Warts on Dogs

Warts on dogs grow on the skin's surface, usually on the face near the eyes. They can also grow inside the mouth and nose or on your dog's reproductive organs. Warts are either benign (non-cancerous) and self resolving, or malignant (cancerous). Malignant warts present a danger to your dog's health and require medical treatment.

Causes and Symptoms of Dog Warts

Some dog warts are caused by the papilloma virus. The papilloma virus is a contagious virus that causes warts in dogs; it's very common. The virus will incubate in your dog's system for as long as two months before warts appear; usually, this type of dog wart disappears on its own. Other causes of dog warts include vaccination, medication, environmental pollutants and allergens.

Dog warts appear as small, cauliflower shaped growths on the surface of your dog's skin. They may be the same color as your dog's skin, or they may be a whitish or yellowish color. Warts may appear in clusters; one wart may seem to grow into several warts over time. While warts don't cause your dog any pain, he may lick, bite or scratch at them; torn and bleeding warts may become infected and require veterinary treatment.

Diagnosing Dog Warts

Your vet can diagnose dog warts easily with a simple visual examination. Your vet may use an aspirate needle to remove a small amount of tissue from the wart for a biopsy; this test will determine whether or not your dog's warts are cancerous. Cancerous warts require immediate veterinary intervention; usually, they can be successfully treated by surgical removal. Warts in dogs, like any skin growth, while usually harmless, could be a symptom of serious illness and should always be examined by a vet.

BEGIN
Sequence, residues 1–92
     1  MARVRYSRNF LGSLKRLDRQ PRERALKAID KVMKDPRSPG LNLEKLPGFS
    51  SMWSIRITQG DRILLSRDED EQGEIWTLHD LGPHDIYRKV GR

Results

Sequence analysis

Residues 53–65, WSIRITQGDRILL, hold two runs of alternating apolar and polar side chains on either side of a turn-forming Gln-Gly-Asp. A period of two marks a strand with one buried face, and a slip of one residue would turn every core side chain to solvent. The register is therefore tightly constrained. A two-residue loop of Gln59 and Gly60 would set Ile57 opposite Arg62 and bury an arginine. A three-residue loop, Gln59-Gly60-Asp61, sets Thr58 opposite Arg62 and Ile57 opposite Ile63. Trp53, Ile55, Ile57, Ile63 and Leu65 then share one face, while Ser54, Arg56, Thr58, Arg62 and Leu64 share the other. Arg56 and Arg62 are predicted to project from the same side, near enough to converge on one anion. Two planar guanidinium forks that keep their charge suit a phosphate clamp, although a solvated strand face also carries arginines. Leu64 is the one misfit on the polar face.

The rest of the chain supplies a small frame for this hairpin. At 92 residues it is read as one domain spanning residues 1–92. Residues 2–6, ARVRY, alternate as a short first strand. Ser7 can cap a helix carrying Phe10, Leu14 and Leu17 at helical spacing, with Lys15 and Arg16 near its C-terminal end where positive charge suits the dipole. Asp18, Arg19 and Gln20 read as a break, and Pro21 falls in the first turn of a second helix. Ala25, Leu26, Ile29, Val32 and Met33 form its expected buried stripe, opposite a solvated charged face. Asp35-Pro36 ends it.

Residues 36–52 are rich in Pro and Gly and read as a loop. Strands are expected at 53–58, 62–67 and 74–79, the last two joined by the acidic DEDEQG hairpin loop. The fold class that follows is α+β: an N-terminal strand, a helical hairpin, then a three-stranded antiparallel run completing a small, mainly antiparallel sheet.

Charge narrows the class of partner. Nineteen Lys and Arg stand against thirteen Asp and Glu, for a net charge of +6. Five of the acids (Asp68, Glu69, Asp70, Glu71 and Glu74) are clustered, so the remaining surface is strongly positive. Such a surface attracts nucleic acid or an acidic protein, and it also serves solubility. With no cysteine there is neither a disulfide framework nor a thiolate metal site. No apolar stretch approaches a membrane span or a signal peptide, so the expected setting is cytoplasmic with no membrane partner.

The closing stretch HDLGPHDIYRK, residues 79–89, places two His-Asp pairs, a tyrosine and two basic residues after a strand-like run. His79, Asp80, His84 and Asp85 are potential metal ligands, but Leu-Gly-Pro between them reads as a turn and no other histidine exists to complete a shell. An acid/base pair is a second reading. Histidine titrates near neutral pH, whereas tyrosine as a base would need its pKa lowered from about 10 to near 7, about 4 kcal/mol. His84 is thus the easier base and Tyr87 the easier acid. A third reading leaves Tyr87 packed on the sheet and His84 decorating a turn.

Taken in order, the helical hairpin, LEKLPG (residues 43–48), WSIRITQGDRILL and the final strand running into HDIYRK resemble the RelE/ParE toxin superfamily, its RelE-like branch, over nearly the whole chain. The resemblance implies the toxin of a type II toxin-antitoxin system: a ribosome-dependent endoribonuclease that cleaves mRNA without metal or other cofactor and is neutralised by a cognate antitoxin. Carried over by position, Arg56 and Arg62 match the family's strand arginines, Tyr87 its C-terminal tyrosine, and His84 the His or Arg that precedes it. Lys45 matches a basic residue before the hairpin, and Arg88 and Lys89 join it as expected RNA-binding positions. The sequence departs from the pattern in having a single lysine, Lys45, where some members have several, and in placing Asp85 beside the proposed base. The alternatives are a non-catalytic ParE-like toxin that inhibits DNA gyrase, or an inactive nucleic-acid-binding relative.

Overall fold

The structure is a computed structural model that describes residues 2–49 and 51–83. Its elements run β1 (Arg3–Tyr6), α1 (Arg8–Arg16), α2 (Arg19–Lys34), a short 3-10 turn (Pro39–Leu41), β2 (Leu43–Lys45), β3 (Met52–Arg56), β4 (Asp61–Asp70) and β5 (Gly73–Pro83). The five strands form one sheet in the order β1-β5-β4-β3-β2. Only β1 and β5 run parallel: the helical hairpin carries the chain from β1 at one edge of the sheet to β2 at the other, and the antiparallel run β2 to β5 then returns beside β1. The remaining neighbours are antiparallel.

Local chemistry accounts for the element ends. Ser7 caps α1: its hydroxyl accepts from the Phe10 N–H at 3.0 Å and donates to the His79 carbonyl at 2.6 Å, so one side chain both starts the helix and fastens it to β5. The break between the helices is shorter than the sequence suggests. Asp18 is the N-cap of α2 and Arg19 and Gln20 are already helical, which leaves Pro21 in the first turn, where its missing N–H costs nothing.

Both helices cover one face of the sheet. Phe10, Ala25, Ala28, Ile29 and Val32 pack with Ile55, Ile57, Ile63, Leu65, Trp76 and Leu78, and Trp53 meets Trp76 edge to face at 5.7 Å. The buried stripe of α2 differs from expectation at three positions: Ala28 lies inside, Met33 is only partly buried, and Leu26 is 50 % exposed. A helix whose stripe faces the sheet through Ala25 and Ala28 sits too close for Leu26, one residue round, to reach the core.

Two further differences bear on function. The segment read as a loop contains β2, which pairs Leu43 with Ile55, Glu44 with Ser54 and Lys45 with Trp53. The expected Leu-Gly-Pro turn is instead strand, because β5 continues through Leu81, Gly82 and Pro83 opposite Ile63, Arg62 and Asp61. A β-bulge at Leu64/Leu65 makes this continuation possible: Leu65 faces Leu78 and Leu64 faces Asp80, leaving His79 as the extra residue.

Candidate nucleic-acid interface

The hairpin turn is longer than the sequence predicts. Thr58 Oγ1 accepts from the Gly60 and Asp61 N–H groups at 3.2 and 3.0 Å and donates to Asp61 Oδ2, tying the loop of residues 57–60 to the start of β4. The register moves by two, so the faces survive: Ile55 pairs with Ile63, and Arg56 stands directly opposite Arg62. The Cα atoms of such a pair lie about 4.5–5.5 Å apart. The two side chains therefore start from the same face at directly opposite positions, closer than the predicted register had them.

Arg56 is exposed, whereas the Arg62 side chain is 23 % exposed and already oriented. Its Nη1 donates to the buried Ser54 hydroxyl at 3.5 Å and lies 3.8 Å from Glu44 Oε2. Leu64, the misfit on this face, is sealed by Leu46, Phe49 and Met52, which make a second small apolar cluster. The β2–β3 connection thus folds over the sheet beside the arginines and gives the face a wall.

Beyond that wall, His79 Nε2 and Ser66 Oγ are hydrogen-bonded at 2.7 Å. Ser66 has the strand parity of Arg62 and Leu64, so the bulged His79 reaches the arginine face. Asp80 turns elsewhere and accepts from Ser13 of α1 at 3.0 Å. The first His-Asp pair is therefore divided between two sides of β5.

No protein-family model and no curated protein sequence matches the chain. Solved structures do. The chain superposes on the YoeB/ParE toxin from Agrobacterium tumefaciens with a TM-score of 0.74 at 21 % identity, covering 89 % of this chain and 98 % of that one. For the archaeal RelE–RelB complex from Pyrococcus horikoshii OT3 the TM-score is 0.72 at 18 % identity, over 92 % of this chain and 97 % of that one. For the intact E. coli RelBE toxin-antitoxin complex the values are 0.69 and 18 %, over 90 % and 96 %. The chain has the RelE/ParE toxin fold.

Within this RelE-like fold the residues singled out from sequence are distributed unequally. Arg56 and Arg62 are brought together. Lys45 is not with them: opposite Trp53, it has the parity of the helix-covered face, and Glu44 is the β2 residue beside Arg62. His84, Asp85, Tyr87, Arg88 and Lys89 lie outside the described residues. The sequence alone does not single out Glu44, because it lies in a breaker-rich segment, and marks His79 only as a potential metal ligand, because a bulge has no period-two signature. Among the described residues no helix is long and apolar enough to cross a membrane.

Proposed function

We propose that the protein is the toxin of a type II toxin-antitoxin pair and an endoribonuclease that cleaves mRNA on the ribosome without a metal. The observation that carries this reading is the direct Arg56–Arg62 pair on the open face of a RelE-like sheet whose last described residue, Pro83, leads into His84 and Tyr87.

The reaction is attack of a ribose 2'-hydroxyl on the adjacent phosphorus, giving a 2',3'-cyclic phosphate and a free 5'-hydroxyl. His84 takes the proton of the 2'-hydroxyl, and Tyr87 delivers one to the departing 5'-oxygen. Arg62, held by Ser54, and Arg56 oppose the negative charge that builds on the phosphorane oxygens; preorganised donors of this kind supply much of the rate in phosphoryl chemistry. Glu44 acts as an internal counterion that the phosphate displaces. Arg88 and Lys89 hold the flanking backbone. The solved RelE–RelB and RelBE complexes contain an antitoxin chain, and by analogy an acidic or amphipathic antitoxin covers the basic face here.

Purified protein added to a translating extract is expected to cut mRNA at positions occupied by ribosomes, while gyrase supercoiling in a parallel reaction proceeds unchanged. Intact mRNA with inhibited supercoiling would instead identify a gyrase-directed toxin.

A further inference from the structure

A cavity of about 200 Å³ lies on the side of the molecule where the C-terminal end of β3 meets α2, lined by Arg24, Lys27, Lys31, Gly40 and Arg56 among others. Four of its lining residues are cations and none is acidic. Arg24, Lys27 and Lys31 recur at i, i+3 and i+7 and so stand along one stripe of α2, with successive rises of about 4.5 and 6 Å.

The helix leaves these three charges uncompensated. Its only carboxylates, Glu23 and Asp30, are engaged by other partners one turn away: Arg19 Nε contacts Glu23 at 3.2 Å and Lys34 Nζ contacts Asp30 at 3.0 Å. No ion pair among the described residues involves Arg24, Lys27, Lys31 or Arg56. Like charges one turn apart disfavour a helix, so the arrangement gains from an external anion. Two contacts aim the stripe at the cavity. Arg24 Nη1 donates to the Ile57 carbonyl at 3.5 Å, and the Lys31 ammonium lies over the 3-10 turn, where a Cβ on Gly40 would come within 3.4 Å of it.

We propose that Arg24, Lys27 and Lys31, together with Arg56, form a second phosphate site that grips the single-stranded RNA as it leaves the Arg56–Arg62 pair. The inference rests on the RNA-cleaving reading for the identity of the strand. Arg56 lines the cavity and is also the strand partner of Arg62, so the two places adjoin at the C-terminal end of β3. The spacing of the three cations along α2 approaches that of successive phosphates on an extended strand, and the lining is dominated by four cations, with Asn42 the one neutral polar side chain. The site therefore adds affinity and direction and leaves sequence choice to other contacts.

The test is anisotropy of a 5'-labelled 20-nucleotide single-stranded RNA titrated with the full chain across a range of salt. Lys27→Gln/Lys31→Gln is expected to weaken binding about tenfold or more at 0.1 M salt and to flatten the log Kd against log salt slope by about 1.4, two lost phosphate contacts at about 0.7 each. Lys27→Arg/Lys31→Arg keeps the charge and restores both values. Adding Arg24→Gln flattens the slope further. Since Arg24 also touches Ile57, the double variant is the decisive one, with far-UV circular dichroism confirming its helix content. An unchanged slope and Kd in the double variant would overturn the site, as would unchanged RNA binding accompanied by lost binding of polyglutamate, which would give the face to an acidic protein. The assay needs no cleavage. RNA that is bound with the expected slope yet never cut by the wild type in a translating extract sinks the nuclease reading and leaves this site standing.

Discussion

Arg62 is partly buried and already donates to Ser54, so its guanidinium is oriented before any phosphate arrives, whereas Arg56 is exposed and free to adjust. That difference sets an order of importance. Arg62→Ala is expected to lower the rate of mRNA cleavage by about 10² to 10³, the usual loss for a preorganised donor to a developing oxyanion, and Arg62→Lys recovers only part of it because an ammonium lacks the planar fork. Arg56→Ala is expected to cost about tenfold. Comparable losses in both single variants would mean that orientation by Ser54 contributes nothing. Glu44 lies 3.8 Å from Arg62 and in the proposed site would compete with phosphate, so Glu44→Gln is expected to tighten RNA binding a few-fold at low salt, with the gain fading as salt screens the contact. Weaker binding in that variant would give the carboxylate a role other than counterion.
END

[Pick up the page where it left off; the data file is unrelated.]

Treating Warts in Dogs

Often, dog warts don't require any treatment. Most dog warts go away on their own. If the warts seem to be bothering your dog, and especially if he licks, bites, scratches or chews the warts, then you may want to consider having them removed. If your dog is undergoing surgery for another reason, your vet may suggest removing the warts while your dog is under anesthesia for that procedure, simply for the sake of convenience, just in case the warts might bother your dog in the future.

Dog wart removal needs to be performed under general anesthesia.

If your dog's warts aren't removed, or if only some of the warts are removed, then keep a close eye on those warts that remain. If you notice any changes in shape, size or color of your dog's warts, see your vet, as changes in the wart are often an indication that the wart has become canine skin cancer.

While warts caused by the papilloma virus can't be cured, they will often go away on their own without any medical intervention. If you'd like to hasten this process, you can feed your dog a healthy diet and use nutritional supplements to boost his immune system.